Prism (Limited Edition)
Prism (Limited Edition)
Konami Digital Entertainment
April 8, 2009
Buy at Amazon.co.jp
The Konamistyle limited edition of Hoshino Kanako’s album Prism comes with a bonus disc that includes remixes of every track from her previous album EIGHT ELEMENTS OF THE STAR. Each remix is in a different style than the original, and this bonus disc comes with the title of EIGHT ELEMENTS OF THE STAR ~ANOTHER SENSE~. Most of the remixes are handled by Yasuhiro Abe, with the exception of “D.A.N.C.E!” remixed by Kosuke Saito. Even with the new variety of styles, Kanako’s vocals are hardly touched in the remixes, keeping the songs solidly in J-Pop territory with few surprises but a decent amount of fun. Although Prism itself leaves much to be desired, the bonus disc on this limited edition might make it worth the purchase for some.
The bonus disc opens with a rock remix of “~T・A・I・Y・O~” by Yasuhiro Abe (later added to GuitarFreaks & DrumMania V4). The arrangement is solid with plenty of energy and a fairly hard-hitting sound, and it matches the composition pretty well. My only complaint is that while Kanako’s vocals and delivery were well suited to the original Euro track, they don’t quite match the arrangement now that it is hard rock. Still, the track is an enjoyable re-imaging of the original. Also rock but more laid back is Abe’s version of “Hello Again~only one for you~”, which closes out the album. It’s a lot more engaging than its breezy original, thanks to its increased energy and strong arrangement. The chorus is still lacking, but as a whole the track is a great improvement over the original, and I don’t actually mind listening to it from time to time.
There are a couple of electronic tracks here, but thankfully nothing like the generic tracks on Prism. Kosuke Saito’s remix of “D.A.N.C.E.!” isn’t as dramatic of a change as the other remixes are on this disc. Many of the elements in the original are intact in some manner, with the changes more coming in through some of the effects and the heavier focus on the thumping beats. Despite not being to different, I still enjoy the track just as much as the original. Later on, Abe’s version of “INFERNO” is stripped of its Brazilian influences and is given a dreamier electronic landscape that’s heavy on quick percussion. The atmosphere is more ambiguous and intriguing, and very different from the bright original. The elements all seem at odds in a strange artsy mix, and though I’m not entirely convinced that it works for the track, I don’t mind listening to it either. More straightforward is Abe’s “Regret” remix. It still has the Euro Trance roots of the original, but Abe completely changes up the composition of the arrangement. While the original arrangement followed Kanako’s vocal line too closely, the new arrangement is more complementary and independent. Some of it feels a tad repetitive, but there are more dynamics here, and a greater drive throughout the track. While these tracks don’t necessarily outclass the originals, they are fine alternate versions of them.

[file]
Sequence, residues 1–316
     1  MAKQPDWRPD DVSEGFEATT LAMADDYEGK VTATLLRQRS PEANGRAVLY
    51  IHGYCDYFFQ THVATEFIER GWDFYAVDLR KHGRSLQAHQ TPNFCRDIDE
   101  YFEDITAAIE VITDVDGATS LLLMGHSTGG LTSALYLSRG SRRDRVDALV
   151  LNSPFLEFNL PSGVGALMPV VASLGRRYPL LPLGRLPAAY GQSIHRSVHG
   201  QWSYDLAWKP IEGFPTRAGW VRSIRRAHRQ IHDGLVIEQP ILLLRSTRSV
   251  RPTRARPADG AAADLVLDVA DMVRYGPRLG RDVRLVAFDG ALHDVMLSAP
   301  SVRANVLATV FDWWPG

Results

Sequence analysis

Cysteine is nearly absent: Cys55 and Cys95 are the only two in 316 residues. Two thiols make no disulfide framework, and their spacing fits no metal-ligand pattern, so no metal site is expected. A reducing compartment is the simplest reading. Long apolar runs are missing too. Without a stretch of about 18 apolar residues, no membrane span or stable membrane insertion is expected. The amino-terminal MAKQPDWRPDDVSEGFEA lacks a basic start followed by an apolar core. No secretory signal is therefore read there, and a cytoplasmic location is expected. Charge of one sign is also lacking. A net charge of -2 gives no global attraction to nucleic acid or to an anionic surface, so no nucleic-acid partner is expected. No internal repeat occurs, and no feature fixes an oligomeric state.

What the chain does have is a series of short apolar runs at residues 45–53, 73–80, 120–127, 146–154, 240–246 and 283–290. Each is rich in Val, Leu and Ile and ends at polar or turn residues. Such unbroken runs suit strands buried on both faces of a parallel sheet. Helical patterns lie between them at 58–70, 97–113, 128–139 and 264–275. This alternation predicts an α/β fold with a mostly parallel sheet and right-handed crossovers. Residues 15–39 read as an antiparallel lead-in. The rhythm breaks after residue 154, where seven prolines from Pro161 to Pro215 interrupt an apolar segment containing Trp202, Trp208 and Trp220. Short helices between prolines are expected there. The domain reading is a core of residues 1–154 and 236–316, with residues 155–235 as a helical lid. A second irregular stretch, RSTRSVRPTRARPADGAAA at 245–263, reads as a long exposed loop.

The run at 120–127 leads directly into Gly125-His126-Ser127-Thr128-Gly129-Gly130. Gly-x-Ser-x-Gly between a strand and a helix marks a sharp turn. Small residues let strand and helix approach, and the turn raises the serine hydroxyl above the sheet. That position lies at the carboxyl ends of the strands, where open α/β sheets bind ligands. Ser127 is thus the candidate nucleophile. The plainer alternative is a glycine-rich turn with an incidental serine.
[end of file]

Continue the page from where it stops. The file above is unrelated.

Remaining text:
Starkly different from the others is the “Hakugen” remix, which is now R&B styled with some oriental instrument cameos at the beginning and end. The remix feels at times a bit rushed, partly due to the increased tempo, but also because it’s over before it really goes anywhere. Like the original, it unfortunately just comes off as unremarkable filler on the album. Also quite different is the “Tashikanamono” arrangement, which has gone from a light rock track to a laid back summery track (think the opposite of what happened with “Hello Again~only one for you~”). While still pleasant thanks to its catchy melodies and now relaxing arrangement, it isn’t nearly as compelling or fun as the original.
The only ballad of the album is “Gekkou”. Although a ballad version already exists on Prism, Abe’s arrangement here is much better produced, featuring more instruments and a less artificial sound. An electric guitar and violin show up for some solos, while a piano, acoustic guitar, and drums hold up the rest of the arrangement. The only thing missing is a rerecording of the vocals to better match the arrangement, but it still holds up well otherwise.
Although it is only the bonus disc on the limited edition of Prism, the remixes on EIGHT ELEMENTS OF THE STAR ~ANOTHER SENSE~ are for the most part much more engaging than the album that they are coupled with. The styles of the tracks are diverse and often very different from the originals. Though few remixes surpass the originals, many are just as good and make for wonderful alternate versions. That said, this doesn’t stop the album from being fairly standard J-Pop fare, and it is unlikely to convince anyone who was not already enamoured with Kanako’s Bemani work.
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Posted on August 4, 2015 by Christopher Huynh. Last modified on August 8, 2015.